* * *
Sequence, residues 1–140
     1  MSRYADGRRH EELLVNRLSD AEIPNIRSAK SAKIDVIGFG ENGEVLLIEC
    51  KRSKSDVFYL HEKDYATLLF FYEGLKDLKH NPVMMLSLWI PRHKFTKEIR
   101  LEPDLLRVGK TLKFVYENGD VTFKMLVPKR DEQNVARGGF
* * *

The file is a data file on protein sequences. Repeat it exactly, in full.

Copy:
Sequence, residues 1–140
     1  MSRYADGRRH EELLVNRLSD AEIPNIRSAK SAKIDVIGFG ENGEVLLIEC
    51  KRSKSDVFYL HEKDYATLLF FYEGLKDLKH NPVMMLSLWI PRHKFTKEIR
   101  LEPDLLRVGK TLKFVYENGD VTFKMLVPKR DEQNVARGGF